Would it be unreasonable to file for 100% legal and physical custody of my son if his father has been on heavy drugs, hearing voices and attempted suicide while in my son’s presence?

Get Legal Help Today

 Secured with SHA-256 Encryption

Would it be unreasonable to file for 100% legal and physical custody of my son if his father has been on heavy drugs, hearing voices and attempted suicide while in my son’s presence?

He has admitted to all of this and is now in a rehabilitation center, however after this I want to protect my child physically and emotionally. How do I do this?

Asked on October 27, 2012 under Family Law, Hawaii

Answers:

FreeAdvice Contributing Attorney / FreeAdvice Contributing Attorney

Answered 8 years ago | Contributor

Given the fact situation that you have written about I suggest that you consult with a family law attorney about the the matter and getting a change of custody as soon as possible. In fact, through the assistance of the recommended family law attorney you might consider contacting Child Protective services in your community about the child's father and concerns. The key is what is in the best interests of your child.

B.H.F., Member, Texas State Bar / FreeAdvice Contributing Attorney

Answered 8 years ago | Contributor

Under these facts, it would not only be reasonable, but recommended.  In addition to asking for full custody, you should also seek restrictions on his visitations and ask for supervised visits.  If he has attempted suicide in front of the child, this should be a huge factor for the judge to rule in your favor.

If you don't already have a custody suit pending... then that would be your starting point.  File the suit and ask for orders that grant you custody and restrict his periods of visitation.  If you already have orders in place, then you would need to file a motion to modify those orders-- citing to these recent events as a basis for the modification.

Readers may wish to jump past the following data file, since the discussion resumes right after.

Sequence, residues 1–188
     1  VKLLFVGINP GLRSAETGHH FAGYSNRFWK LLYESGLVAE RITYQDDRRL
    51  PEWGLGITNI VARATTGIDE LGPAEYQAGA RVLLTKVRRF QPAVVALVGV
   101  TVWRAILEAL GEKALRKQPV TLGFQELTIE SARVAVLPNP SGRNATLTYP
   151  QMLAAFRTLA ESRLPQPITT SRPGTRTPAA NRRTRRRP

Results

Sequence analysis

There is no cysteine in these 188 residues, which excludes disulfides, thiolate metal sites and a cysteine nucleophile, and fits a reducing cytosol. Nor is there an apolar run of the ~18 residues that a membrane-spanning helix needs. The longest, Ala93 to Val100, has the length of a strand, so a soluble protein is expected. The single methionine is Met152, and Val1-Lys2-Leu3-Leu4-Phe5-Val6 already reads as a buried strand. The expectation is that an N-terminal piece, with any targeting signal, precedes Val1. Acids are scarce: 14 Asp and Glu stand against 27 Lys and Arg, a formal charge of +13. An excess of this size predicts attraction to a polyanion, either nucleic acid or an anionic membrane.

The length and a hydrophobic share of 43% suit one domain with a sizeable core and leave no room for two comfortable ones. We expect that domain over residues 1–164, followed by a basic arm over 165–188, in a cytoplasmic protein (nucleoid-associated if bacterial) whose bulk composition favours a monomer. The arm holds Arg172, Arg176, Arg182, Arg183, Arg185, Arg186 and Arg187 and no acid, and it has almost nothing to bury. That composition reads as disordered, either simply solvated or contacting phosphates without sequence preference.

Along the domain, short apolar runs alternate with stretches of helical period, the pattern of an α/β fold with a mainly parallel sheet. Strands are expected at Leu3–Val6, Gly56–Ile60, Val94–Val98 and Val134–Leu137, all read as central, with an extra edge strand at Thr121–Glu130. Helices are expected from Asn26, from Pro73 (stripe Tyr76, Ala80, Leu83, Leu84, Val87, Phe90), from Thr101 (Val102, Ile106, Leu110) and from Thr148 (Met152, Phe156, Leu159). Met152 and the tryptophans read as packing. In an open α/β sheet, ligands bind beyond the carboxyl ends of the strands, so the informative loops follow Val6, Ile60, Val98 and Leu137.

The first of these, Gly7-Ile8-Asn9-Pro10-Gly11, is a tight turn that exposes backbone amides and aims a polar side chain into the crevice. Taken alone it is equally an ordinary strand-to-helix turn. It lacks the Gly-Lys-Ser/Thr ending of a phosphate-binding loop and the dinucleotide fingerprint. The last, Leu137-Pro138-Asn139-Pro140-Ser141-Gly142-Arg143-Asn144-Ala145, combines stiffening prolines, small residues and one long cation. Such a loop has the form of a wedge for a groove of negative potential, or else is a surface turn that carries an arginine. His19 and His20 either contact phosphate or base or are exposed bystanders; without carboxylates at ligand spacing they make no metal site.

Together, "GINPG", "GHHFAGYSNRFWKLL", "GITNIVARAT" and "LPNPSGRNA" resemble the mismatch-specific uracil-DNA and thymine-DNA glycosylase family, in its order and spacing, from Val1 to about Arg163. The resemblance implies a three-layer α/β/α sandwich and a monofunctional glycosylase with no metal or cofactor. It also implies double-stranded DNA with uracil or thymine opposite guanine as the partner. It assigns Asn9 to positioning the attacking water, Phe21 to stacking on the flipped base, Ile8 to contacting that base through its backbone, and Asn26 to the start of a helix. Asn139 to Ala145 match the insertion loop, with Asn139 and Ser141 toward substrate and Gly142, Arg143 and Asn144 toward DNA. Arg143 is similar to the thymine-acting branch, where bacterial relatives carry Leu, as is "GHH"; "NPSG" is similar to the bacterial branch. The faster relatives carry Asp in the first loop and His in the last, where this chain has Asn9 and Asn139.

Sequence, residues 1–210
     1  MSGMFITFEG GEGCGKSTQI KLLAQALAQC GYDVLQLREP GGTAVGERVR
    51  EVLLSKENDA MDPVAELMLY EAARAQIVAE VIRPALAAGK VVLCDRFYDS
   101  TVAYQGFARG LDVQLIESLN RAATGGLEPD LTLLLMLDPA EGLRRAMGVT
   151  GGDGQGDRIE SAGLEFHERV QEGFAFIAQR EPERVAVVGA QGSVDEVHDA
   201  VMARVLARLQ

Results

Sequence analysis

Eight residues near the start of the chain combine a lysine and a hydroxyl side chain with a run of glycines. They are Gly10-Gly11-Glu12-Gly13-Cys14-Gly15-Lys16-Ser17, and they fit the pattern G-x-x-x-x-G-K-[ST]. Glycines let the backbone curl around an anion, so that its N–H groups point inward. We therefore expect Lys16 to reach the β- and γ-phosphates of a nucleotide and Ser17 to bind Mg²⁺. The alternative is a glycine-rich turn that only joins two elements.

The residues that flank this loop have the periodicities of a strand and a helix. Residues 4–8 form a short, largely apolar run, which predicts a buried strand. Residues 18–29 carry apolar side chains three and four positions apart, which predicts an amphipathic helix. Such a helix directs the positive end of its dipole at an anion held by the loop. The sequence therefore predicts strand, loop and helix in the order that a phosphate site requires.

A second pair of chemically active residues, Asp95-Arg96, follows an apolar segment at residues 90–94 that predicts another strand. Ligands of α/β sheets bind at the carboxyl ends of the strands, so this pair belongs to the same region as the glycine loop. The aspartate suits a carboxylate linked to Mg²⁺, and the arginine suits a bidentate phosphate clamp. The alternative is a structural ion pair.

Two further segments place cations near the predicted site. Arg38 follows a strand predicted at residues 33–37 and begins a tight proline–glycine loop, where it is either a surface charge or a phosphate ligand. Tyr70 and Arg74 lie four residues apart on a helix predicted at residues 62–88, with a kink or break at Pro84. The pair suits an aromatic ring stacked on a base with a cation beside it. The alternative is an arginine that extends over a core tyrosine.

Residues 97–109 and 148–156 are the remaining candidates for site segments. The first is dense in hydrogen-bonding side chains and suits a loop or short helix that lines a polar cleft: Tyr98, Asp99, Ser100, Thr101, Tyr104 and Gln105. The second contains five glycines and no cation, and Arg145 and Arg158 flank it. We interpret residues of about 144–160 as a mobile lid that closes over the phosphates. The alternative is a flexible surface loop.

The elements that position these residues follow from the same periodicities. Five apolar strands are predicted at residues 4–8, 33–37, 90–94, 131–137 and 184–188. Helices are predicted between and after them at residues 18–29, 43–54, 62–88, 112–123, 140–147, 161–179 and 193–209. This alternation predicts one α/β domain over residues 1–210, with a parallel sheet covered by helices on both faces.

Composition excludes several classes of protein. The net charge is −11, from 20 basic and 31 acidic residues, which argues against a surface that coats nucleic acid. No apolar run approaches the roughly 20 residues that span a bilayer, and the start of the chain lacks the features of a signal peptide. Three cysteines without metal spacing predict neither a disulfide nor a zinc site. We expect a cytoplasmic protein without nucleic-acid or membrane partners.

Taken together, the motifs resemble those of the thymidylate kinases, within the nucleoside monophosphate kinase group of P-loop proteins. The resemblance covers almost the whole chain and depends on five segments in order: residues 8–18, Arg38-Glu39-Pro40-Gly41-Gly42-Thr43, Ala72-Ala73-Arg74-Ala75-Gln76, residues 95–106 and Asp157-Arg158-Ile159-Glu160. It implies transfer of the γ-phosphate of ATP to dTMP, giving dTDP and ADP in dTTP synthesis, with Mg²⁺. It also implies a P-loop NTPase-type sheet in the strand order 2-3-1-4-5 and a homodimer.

IMPORTANT NOTICE: The Answer(s) provided above are for general information only. The attorney providing the answer was not serving as the attorney for the person submitting the question or in any attorney-client relationship with such person. Laws may vary from state to state, and sometimes change. Tiny variations in the facts, or a fact not set forth in a question, often can change a legal outcome or an attorney's conclusion. Although AttorneyPages.com has verified the attorney was admitted to practice law in at least one jurisdiction, he or she may not be authorized to practice law in the jurisdiction referred to in the question, nor is he or she necessarily experienced in the area of the law involved. Unlike the information in the Answer(s) above, upon which you should NOT rely, for personal advice you can rely upon we suggest you retain an attorney to represent you.

Get Legal Help Today

Find the right lawyer for your legal issue.

 Secured with SHA-256 Encryption